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'Cloverfield'

Apparently it's OK to lay waste to Manhattan again — at least on screen.

After a six-year moratorium, Hollywood started blowing up New York's bridges (in I Am Legend) as 2007 was drawing to a close. And it's kicking off 2008 by pulverizing a goodly portion of what's left: Liberty loses her head in this film's opening moments, and everything from the Chrysler Building to the Brooklyn Bridge comes tumbling down thereafter.

Which sounds reasonably exciting until you realize that you're going to have to witness all of it — every second of some 75 minutes of characterless action — in fuzzy camcorder footage recorded by a dimwitted party-boy, who takes his job seriously when a friend asks him to make sure he tapes anything notable at a farewell fete for a buddy of theirs.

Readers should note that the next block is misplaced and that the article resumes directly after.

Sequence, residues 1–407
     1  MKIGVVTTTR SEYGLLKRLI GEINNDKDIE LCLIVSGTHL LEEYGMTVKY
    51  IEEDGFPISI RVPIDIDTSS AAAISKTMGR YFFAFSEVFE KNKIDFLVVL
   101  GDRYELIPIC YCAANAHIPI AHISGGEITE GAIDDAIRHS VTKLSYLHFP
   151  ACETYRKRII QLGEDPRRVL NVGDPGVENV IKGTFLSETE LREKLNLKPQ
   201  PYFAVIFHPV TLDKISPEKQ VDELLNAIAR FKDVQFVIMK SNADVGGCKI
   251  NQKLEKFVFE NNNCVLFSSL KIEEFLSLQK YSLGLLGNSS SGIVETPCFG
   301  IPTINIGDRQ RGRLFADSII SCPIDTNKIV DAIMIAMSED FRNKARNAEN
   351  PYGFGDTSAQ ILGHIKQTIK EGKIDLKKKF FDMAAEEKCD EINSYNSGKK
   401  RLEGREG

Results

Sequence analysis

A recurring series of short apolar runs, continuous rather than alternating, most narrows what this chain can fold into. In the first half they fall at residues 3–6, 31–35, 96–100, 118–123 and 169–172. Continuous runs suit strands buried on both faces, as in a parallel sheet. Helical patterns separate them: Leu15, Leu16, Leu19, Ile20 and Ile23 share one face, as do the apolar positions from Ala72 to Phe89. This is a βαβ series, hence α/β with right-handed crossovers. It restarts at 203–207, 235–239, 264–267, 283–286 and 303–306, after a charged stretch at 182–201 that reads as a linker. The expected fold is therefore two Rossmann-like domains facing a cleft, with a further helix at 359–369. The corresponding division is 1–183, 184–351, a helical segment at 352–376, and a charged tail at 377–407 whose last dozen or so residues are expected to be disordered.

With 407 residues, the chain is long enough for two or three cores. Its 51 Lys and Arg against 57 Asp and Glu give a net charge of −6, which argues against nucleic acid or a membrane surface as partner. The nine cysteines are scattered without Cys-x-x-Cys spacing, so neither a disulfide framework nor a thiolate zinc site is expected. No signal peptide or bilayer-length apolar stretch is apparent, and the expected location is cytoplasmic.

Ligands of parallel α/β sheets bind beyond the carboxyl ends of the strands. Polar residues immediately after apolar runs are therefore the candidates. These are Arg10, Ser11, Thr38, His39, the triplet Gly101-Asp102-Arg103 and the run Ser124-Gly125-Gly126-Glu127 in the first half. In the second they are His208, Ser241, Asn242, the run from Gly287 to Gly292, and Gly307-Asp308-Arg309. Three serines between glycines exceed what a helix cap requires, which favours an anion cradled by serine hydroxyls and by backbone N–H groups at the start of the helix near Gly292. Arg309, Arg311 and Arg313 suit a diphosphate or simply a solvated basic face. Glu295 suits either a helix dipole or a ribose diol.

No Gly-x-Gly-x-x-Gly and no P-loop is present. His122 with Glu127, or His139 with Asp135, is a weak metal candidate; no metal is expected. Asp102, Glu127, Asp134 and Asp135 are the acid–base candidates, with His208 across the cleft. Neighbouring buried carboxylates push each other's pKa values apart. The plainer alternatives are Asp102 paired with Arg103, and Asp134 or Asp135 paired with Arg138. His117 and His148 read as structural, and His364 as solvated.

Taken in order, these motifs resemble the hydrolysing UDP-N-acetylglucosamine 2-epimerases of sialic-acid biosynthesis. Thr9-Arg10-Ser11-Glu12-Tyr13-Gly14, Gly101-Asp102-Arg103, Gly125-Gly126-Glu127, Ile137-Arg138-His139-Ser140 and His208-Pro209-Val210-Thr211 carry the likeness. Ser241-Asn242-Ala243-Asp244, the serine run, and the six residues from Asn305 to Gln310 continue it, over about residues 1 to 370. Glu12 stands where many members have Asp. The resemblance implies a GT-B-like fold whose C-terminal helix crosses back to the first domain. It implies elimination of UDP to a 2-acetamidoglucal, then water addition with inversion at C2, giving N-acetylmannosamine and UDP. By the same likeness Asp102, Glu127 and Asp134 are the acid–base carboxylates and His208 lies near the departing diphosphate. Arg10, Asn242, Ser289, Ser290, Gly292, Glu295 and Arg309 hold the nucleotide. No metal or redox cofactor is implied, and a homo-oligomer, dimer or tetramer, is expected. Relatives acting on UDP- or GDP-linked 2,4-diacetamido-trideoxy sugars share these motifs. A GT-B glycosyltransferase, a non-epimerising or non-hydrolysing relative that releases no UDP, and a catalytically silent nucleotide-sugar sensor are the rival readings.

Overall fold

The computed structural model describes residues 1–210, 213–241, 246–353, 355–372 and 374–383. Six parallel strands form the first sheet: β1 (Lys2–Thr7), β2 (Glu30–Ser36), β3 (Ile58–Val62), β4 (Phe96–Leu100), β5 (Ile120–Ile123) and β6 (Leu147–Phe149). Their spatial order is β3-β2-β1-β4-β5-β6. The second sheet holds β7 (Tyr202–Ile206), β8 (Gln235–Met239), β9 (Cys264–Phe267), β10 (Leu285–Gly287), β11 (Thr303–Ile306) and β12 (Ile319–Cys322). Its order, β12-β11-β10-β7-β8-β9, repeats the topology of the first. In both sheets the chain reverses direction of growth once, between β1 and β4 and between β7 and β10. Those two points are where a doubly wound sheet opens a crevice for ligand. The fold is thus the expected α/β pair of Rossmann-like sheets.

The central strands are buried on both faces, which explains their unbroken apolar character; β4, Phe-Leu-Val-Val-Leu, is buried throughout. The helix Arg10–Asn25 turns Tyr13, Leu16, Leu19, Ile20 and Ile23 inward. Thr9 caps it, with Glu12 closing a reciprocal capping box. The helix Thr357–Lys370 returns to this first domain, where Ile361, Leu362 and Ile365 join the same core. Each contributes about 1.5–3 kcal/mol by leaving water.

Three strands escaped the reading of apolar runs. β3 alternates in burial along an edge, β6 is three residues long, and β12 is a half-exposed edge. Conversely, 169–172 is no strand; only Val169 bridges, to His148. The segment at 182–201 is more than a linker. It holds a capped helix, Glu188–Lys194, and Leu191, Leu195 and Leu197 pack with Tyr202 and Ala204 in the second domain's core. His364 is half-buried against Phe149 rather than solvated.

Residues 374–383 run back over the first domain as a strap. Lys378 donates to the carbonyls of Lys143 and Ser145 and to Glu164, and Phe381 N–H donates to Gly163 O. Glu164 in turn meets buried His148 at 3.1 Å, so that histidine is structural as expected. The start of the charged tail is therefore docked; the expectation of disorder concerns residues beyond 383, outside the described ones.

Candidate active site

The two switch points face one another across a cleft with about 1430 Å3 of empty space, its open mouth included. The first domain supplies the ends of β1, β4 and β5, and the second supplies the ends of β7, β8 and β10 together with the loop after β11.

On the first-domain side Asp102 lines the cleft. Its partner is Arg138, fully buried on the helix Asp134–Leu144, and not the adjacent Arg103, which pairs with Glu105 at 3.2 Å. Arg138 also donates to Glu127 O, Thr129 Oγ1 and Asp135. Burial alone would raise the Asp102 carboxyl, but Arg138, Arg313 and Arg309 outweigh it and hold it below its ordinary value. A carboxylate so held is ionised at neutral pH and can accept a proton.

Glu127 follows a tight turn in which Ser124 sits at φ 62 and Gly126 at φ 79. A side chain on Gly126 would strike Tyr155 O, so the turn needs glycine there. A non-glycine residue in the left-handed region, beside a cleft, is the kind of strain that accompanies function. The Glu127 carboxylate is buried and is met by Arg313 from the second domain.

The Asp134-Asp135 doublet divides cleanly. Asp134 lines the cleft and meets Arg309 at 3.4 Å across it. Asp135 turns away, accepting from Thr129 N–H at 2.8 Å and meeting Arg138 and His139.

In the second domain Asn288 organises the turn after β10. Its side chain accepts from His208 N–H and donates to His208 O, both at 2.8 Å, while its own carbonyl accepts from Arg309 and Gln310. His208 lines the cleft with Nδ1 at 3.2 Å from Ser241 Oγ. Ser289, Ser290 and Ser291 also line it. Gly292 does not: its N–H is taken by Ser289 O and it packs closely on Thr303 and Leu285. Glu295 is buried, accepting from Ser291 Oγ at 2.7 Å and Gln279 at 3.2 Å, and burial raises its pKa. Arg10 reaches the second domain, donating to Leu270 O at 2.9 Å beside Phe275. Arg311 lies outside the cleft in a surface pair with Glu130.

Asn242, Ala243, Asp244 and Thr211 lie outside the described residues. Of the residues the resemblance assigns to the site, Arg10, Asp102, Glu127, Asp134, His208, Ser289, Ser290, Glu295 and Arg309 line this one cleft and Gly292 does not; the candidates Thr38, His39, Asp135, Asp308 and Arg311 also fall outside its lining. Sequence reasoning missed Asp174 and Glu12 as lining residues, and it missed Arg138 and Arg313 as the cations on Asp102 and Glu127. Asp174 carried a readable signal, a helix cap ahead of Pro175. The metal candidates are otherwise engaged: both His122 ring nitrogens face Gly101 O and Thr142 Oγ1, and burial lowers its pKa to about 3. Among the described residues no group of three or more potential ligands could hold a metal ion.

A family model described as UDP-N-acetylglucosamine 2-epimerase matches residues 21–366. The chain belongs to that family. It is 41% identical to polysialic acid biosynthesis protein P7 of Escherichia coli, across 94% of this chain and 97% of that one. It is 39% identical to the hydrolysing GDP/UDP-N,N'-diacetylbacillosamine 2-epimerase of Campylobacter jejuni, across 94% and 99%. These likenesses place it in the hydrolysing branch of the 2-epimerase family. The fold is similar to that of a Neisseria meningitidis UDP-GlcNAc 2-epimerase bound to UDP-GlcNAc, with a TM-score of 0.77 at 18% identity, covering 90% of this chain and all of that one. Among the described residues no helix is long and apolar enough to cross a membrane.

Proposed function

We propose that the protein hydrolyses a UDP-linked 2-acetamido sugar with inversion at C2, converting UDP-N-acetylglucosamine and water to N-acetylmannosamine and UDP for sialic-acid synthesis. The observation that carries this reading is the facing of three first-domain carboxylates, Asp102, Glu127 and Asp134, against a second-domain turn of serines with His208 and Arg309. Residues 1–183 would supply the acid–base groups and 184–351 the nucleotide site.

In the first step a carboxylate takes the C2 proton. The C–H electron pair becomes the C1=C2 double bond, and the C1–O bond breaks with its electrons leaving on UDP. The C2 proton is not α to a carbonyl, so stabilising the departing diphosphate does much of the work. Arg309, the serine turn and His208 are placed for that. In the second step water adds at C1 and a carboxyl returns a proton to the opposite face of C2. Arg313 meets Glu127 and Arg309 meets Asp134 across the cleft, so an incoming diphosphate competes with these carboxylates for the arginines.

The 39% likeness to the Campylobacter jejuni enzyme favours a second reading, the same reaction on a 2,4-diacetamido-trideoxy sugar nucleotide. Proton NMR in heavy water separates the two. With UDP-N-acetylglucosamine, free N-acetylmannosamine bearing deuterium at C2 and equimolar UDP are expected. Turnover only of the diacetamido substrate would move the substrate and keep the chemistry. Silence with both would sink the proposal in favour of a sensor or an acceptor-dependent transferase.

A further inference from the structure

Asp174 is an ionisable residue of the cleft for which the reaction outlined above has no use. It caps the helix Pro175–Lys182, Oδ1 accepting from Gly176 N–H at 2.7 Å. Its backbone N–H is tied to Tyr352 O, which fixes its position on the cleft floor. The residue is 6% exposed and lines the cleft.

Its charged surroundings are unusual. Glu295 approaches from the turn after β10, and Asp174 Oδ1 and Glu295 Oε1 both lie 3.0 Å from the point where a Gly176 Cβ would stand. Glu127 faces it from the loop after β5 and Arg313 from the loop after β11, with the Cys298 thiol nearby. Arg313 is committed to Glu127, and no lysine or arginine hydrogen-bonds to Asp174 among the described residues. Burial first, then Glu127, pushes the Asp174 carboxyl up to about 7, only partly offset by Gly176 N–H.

Our hero's eye never leaves the viewfinder as the apartment building shakes; partygoers flee to streets, skyscrapers, and subways, all of them under seige by a large reptilian creature — and what appear to be the suitcase-size fleas that are presumably fueling its frenzy when the Army's grenade launchers aren't pointed its way.

Apart from the fact that a $25 million budget bought producer J.J. Abrams what looks like a poorly shot home movie — at the pitch meeting, someone must've said The Blair Godzilla Project — there's nothing unorthodox about this monster flick. It's going to leave a lot of viewers motion-sick, and will no doubt make a mint.

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Bob Mondello, who jokes that he was a jinx at the beginning of his critical career — hired to write for every small paper that ever folded in Washington, just as it was about to collapse — saw that jinx broken in 1984 when he came to NPR.